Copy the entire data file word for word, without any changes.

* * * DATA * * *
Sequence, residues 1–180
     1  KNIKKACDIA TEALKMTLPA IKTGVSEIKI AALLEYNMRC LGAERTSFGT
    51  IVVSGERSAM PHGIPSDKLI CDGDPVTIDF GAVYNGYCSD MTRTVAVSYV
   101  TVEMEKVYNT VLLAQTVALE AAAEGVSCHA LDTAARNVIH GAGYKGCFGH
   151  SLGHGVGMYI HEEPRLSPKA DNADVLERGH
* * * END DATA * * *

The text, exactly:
Sequence, residues 1–180
     1  KNIKKACDIA TEALKMTLPA IKTGVSEIKI AALLEYNMRC LGAERTSFGT
    51  IVVSGERSAM PHGIPSDKLI CDGDPVTIDF GAVYNGYCSD MTRTVAVSYV
   101  TVEMEKVYNT VLLAQTVALE AAAEGVSCHA LDTAARNVIH GAGYKGCFGH
   151  SLGHGVGMYI HEEPRLSPKA DNADVLERGH